31. Wells GA, Tugwell P, Kraag GR, Baker PR, Groh J, Redelmeier DA. Minimum important difference between patients with rheumatoid arthritis: the patient’s perspective. Journal of Rheumatology. 1993;20:557–560. [PubMed]
32. Loeser JD. Point of view. Spine. 2004;29(1):16.
33. Reeves KD, Klein RG, DeLong WB. Letter to the editor. Spine. 2004;29(16):1839–1840. [PubMed]
34. Cusi M, Saunders J, Hungerford B, Wisbey-Roth B, Lucas P, Wilson S. The use of prolotherapy in the sacro-iliac joint. Br J Sports Med. 2008 doi: 10.1136/bjsm.2007.042044. [PubMed] [Cross Ref]
35. Khan SA, Kumar A, Varshney MK, Trikha V, Yadav CS. Dextrose prolotherapy for recalcitrant coccygodynia. J Orthop Surg. 2008;16:27–29. [PubMed]
36. Farrar JT, Young JP, LaMoreaux L, Werth JL, Poole M. Clinical importance of changes in chronic pain intensity measured on an 11-point numerical rating scale. Pain. 2001;94:149–158. [PubMed]
37. Miller MR, Mathews RS, Reeves KD. Treatment of painful advanced internal lumbar disc derangement with intradiscal injection of hypertonic dextrose. Pain Physician. 2006;9:115–121. [PubMed]
38. Khan KM, Cook JL, Kannus P, Maffuli N, Bonar SF. Time to abandon the ‘tendinitis’ myth. BMJ. 2002;324:626–627. [PMC free article] [PubMed]
39. Bongers PM. The cost of shoulder pain at work. Variation in work tasks and good job opportunities are essential for prevention. BMJ. 2001;322:64–65. [PMC free article] [PubMed]
40. Wilson JJ, Best TM. Common overuse tendon problems: a review and recommendations for treatment. Am Fam Physician. 2005;72:811–818. [PubMed]
41. Khan KM, Cook JL, Bonar F, Harcourt P, Astrom M. Histopathology of tendinopathies. Update and implications for clinical management. Sports Med. 1999;27:393–408. [PubMed]
42. Puddu G, Ippolito E, Postacchini FA. classification of Achilles tendon disease. Am J Sports Med. 1976;4:145–150. [PubMed]
43. Johnson GW, Cadwallader K, Scheffel SB, Epperly TD. Treatment of lateral epicondylitis. Am Fam Physician. 2007;76:843–848. 849–850, 853. [PubMed]
44. Verhar J. Tennis elbow: anatomical, epidemiological and therapeutic aspects. Int Orthop. 1994;18:263–267. [PubMed]
45. Hamilton P. The prevalence of humeral epicondylitis: a survey in general practice. J R Coll Gen Pract. 1986;36:464–465. [PMC free article] [PubMed]
46. Kivi P. The etiology and conservative treatment of lateral epicondylitis. Scand J Rehabil Med. 1983;15:37–41. [PubMed]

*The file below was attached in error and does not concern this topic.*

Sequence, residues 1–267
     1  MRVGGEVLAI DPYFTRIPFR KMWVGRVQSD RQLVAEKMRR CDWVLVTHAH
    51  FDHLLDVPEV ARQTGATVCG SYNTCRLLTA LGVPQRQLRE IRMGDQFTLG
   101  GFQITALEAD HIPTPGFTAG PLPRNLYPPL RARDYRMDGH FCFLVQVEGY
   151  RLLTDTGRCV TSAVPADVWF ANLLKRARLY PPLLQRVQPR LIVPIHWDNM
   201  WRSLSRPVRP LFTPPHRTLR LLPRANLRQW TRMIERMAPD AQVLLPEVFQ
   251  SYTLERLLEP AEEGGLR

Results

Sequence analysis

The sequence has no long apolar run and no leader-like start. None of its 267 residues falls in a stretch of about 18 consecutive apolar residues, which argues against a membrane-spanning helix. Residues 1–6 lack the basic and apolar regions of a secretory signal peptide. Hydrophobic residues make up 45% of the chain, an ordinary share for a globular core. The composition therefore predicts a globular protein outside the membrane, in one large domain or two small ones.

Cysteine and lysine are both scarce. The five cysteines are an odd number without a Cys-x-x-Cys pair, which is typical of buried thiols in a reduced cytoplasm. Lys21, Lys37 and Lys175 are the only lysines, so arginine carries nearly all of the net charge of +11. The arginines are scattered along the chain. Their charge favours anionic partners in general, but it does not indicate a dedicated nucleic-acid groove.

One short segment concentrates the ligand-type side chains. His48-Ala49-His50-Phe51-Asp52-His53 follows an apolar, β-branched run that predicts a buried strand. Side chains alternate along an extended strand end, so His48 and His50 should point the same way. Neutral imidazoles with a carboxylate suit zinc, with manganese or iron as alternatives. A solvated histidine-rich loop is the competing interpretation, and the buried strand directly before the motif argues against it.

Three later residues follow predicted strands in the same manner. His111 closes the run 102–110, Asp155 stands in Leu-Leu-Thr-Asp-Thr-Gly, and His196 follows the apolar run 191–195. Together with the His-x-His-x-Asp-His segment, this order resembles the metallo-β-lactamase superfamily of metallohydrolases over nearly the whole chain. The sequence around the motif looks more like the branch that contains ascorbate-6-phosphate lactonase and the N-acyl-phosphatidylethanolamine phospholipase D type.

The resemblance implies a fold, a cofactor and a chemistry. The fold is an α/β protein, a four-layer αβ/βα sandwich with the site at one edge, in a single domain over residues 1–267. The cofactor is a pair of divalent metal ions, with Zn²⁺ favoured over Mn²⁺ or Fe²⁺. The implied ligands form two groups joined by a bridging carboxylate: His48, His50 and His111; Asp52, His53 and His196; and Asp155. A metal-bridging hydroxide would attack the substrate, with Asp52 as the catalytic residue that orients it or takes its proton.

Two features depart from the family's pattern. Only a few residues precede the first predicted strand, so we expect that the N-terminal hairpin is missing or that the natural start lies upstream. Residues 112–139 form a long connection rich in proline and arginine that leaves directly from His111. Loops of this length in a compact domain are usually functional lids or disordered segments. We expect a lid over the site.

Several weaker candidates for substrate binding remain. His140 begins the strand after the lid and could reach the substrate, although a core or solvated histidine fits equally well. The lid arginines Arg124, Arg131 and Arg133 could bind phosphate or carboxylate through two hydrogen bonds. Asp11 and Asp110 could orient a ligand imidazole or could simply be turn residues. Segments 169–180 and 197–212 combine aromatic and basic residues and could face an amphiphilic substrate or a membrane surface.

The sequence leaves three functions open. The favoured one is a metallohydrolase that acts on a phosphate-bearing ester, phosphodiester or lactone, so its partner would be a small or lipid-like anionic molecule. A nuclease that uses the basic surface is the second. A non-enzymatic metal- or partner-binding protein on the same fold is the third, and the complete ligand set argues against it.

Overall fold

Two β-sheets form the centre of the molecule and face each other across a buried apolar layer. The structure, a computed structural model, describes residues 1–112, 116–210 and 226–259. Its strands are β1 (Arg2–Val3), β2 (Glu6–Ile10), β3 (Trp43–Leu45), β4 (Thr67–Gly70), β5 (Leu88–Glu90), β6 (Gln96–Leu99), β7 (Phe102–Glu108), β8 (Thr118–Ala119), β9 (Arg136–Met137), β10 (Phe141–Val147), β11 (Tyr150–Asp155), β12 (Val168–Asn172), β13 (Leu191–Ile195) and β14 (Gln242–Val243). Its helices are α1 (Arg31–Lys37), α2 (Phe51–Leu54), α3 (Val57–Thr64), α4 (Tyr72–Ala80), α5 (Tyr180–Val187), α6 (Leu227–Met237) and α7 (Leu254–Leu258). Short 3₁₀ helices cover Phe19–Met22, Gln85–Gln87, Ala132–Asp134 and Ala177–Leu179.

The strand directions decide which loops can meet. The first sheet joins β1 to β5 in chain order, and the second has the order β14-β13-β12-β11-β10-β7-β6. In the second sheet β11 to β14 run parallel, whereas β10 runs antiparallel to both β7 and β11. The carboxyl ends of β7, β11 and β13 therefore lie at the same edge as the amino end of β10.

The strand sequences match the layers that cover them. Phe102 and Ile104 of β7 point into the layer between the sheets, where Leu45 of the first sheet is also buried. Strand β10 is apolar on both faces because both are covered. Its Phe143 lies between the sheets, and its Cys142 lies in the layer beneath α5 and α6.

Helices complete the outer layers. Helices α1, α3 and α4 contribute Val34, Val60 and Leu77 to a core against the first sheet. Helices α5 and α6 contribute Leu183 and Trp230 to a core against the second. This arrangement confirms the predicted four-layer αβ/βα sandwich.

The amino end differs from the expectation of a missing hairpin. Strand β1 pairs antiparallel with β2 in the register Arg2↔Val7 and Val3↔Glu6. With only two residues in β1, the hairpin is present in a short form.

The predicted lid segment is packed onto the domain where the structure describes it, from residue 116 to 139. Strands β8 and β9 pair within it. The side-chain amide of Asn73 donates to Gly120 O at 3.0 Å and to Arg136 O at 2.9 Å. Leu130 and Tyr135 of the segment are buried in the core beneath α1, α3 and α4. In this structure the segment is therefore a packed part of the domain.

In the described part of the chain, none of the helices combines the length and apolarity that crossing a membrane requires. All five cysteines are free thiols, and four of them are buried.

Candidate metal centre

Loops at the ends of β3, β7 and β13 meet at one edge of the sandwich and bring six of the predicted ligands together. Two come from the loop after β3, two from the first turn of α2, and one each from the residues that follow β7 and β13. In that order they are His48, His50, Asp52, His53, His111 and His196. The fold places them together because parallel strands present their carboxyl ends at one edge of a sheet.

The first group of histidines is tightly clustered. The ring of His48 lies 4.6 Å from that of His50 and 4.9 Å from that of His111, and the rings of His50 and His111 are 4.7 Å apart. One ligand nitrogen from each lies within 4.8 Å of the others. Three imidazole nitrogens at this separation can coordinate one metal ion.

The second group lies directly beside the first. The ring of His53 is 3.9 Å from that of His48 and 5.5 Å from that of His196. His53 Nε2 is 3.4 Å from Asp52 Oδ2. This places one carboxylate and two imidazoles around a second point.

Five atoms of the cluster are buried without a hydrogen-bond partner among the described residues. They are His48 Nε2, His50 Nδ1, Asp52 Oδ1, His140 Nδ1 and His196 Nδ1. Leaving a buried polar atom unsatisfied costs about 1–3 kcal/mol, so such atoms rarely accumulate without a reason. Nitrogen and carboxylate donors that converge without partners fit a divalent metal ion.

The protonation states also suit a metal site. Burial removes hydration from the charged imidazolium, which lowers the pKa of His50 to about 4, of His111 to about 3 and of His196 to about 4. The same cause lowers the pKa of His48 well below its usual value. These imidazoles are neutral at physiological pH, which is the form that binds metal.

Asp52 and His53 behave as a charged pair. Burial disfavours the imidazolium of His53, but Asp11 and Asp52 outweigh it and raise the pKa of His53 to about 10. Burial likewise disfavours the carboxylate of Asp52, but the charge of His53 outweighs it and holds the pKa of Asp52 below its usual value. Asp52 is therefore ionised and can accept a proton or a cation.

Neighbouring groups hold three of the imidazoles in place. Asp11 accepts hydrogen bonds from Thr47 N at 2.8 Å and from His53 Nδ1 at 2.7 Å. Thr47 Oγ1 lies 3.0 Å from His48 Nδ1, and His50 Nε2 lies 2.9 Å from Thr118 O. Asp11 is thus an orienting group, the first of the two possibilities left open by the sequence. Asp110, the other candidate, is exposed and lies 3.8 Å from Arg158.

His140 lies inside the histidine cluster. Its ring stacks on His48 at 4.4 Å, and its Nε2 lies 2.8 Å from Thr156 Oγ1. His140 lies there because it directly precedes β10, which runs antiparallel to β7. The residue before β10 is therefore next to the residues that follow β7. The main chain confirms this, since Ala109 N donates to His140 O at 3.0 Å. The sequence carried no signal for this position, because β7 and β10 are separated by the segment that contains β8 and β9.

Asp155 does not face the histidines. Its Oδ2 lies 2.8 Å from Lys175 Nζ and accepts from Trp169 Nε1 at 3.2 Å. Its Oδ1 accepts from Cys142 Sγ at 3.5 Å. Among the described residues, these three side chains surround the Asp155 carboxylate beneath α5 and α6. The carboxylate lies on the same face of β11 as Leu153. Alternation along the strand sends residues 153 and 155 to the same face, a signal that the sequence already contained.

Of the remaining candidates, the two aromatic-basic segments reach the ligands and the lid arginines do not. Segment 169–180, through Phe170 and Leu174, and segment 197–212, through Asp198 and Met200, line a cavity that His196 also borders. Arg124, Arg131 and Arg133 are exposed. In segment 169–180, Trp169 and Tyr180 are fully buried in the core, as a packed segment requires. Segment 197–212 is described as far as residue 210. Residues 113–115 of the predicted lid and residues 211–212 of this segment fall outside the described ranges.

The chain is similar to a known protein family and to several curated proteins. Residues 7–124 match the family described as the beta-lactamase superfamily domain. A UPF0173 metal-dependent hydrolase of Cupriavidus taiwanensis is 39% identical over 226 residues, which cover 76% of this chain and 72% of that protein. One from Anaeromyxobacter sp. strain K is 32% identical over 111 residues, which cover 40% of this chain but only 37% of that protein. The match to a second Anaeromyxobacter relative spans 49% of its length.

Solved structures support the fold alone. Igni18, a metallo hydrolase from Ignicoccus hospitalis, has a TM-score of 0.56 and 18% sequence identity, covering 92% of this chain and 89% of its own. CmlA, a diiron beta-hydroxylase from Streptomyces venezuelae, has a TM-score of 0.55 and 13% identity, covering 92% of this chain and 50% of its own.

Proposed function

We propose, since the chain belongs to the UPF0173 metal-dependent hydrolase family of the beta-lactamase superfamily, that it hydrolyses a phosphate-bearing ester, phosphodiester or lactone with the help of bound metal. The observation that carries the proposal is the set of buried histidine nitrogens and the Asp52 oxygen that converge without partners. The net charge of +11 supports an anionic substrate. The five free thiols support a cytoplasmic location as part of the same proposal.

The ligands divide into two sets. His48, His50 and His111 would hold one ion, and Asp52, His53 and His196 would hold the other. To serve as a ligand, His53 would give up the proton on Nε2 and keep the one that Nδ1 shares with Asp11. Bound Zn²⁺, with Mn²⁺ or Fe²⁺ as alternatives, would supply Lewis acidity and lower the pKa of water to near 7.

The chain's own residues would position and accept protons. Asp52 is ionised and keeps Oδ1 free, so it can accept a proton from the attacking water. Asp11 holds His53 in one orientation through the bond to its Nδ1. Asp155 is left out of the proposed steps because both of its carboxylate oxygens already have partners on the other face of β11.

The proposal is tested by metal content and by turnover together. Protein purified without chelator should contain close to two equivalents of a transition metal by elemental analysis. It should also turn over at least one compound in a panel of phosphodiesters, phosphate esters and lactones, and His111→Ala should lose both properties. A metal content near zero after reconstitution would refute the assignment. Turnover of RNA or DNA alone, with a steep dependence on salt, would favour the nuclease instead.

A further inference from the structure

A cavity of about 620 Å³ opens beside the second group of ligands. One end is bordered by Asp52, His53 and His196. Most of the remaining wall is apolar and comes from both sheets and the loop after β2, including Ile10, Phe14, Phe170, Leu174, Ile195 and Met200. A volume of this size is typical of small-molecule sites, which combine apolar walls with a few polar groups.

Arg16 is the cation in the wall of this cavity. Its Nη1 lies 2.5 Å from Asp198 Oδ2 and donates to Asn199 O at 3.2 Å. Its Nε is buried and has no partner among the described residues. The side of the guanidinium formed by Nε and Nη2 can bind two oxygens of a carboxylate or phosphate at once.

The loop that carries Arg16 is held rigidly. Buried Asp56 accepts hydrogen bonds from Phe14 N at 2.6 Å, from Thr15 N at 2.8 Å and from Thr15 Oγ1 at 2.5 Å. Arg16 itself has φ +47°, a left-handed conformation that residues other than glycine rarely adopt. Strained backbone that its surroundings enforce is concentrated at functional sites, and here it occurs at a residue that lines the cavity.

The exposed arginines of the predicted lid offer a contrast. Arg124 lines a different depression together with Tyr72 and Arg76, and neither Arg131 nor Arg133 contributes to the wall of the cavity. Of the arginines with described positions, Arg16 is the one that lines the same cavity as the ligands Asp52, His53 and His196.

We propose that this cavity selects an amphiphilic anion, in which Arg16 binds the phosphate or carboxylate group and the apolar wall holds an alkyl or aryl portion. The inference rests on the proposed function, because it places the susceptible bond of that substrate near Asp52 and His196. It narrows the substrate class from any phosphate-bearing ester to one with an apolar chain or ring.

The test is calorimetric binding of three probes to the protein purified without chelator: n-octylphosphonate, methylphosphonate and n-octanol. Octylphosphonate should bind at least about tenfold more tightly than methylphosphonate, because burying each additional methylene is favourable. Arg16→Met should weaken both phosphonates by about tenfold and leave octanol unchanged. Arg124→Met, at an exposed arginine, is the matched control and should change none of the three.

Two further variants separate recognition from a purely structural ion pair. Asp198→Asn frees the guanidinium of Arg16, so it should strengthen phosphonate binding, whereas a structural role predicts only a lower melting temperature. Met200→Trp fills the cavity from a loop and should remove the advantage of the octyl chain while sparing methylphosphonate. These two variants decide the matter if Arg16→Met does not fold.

47. Gabel GT. Acute and chronic tendinopathies at the elbow. Curr Opin Rheumatol. 1999;11:138–148.[PubMed]
48. Ono Y, Nakamura R, Shimaoka M, Hattori Y, Ichihara G. Epicondylitis among cooks in nursery schools. Occup Environ Med. 1998;55:172–179. [PMC free article] [PubMed]
49. Ritz BR. Humeral epicondylitis among gas and waterworks employees. Scand J Work Environ Health. 1995;21:478–486. [PubMed]
50. Buchbinder R, Green S, White M, Barnsley L, Smidt N, Assendelft WJ. Shock wave therapy for lateral elbow pain. The Cochrane Collaboration. 2005;3 [PubMed]
51. Smidt N, van der Windt DA, Assendelft WJ, Deville WL, Korthals-de Bos IB, Bouter LM. Corticosteroid injections, physiotherapy, or a wait-and-see policy for lateral epicondylitis: a randomised controlled trial. Lancet. 2002;359:657–662. [PubMed]
52. Struijs PA, Smidt N, Arola H, Dijk CNv, Buchbinder R, Assendelft WJ. Orthotic devices for the treatment of tennis elbow. The Cochrane Collaboration. 2005;3 [PubMed]
53. Kvist M. Achilles tendon injuries in athletes. Sports Med. 1994;18:173–2001. [PubMed]
54. Zeisig E, Ohberg L, Alfredson H. Extensor origin vascularity related to pain in patients with tennis elbow. Knee Surg Sports Traumatol Arthrosc. 2006;14:659–663. [PubMed]
55. Alfredson H, Ohberg L. Sclerosing injections to areas of neovascularization reduce pain in chronic Achilles tendinopathy: a double-blind randomised trial. Knee Surg Sports Traumatol Arthrosc. 2005;13:338–344. [PubMed]
56. Holmich P, Uhrskou P, Ulnits L. Effectiveness of active physical training as treatment of long-standing adductor-related groin pain in athletes: a randomized controlled trial. Lancet. 1999;353:439–443.[PubMed]
57. Topol GA, Reeves KD, Hassanein KM. Efficacy of dextrose prolotherapy in elite male kicking-sport athletes with groin pain. Arch Phys Rehabil. 2005;86:697–702. [PubMed]